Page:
Moth Royalty

In the jungle, during one night in each month, the moths did not come to the lanterns; through the black reaches of the outer night, so it was said, they flew toward the full moon.

~ Peter Matthiessen

Lucky for me, that wasn’t the case this past weekend, even though an almost full moon shone brightly through the treetops. I set out the moth light again to see if I might capture a few different species now that about a week had passed since my inaugural moth night. On my first check of the sheet, there were some of the usual suspects, including a plethora of tiny moths, several Rosy Maple Moths, and another huge (non-moth) Eastern Dobsonfly. But, there were also a few newbies, which created another excuse to while away the heat of the next afternoon flipping through some field guides (paper and online). Those that really caught my eye had quite distinctive shapes, making it a little easier to refine my search. Once again, identifications are my best guess, corrections are welcome.

Curve-toothed Geometer - Eutrapela clemataria??

Curve-toothed Geometer – Eutrapela clemataria – surrounded by small caddisflies of some sort (click photos to enlarge)

One resembled a stealth bomber.

Datana sp.

Datana sp.

One looked a bit like a banded cigarette butt, somewhat tubular in shape, with a fuzzy head.

Virginia Creeper Sphinx - Darapsa myron

Virginia Creeper Sphinx – Darapsa myron

Another resembled a different military aircraft, some sort of supersonic fighter jet.

Deep Yellow Euchlaena - Euchlaena amoenaria

Deep Yellow Euchlaena – Euchlaena amoenaria

And one just looked like an elegant person wearing a fancy shawl with their arms outstretched (and remember, these were my thoughts on the early shift…imagine what comes at the 2 a.m. shift). Two more checks that night, with the final one being at 2 a.m. That one turned out to be the winner…moth royalty made an appearance.

Imperial Moth, male

Imperial Moth, Eacles imperialis

While driving up the long gravel road the night before, a huge moth had performed a kamikaze spiral in front of my headlights. We came to a stop and I got out and managed to cup my hands around it and found a beautiful Imperial Moth. That was excuse enough for me to set up the moth light that resulted in this report. Imperial Moths are one of our largest so-called Giant Silkworm Moths in the family Saturniidae. They have wing spans varying from 3 to 6 inches, with females being larger than the males.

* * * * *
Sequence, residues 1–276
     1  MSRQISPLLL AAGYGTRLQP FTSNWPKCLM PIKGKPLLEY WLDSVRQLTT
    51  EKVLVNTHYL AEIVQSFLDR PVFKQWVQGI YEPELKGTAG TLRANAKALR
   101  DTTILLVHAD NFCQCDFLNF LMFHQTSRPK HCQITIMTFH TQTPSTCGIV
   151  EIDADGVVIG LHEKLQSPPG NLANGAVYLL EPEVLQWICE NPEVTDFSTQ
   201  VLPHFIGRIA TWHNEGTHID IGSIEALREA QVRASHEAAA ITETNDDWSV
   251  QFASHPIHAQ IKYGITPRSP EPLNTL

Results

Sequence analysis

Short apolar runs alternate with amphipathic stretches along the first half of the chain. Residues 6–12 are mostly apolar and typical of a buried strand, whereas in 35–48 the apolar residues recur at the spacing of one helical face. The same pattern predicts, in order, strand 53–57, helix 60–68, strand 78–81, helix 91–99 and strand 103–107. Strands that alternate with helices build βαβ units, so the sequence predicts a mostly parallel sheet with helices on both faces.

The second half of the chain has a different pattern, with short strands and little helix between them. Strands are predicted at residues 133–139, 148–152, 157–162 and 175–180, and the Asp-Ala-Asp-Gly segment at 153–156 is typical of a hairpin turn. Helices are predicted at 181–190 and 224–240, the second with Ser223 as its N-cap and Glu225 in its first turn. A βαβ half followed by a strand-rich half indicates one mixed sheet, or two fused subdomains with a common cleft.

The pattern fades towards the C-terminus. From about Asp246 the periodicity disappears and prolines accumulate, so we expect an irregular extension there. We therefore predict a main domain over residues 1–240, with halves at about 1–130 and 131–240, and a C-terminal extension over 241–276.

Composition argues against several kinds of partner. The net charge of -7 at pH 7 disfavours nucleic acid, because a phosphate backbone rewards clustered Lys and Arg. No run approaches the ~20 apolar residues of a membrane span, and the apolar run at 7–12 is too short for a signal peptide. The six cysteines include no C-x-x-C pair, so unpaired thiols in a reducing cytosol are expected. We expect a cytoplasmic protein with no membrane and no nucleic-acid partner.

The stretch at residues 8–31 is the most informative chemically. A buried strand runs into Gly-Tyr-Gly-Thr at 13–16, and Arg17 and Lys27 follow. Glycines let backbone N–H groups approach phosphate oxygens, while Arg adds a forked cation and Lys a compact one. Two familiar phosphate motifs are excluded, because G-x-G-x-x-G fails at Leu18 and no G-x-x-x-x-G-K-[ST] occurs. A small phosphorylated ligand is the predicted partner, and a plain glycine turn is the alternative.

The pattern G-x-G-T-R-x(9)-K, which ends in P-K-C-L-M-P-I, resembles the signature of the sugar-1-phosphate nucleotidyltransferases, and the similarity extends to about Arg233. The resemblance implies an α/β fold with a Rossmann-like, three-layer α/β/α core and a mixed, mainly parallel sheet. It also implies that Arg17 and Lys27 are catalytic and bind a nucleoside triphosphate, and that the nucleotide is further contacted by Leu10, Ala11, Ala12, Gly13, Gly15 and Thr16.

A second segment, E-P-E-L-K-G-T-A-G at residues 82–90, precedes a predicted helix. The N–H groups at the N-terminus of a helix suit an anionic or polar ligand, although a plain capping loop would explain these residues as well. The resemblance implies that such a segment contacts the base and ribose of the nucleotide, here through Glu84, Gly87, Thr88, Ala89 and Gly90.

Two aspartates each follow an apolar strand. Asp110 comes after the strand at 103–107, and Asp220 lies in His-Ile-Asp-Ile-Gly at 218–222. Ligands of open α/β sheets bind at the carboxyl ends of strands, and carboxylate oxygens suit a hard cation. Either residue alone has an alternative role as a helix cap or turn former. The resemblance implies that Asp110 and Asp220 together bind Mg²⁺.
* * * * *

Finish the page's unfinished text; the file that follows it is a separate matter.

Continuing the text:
Imperial Moth, male

Imperial Moth, darker male

There were two of these huge yellow and mauve night-flying insects on the front side of the sheet and one on the back. At first, I thought the two lighter-colored ones might be female (males in the south tend to have darker markings).

Imperial Moth, male head shot

These moths readily cling to your finger when gently touched

When I let one of the more yellow ones crawl up on my fingertip, I could see feathery antennae, an indicator that this, too, was a male (a female Imperial Moth’s antennae are simple their entire length, whereas a male’s are feathery on the basal two-thirds of each antenna). Males usually emerge from their pupa a few days ahead of the females, and tend to show up more at lights. One theory is that females are quickly mated after they emerge and therefore do not travel very far from the plants where they fed as caterpillars. Males, on the other hand, may travel great distances searching for available females, guided by pheromones the female releases.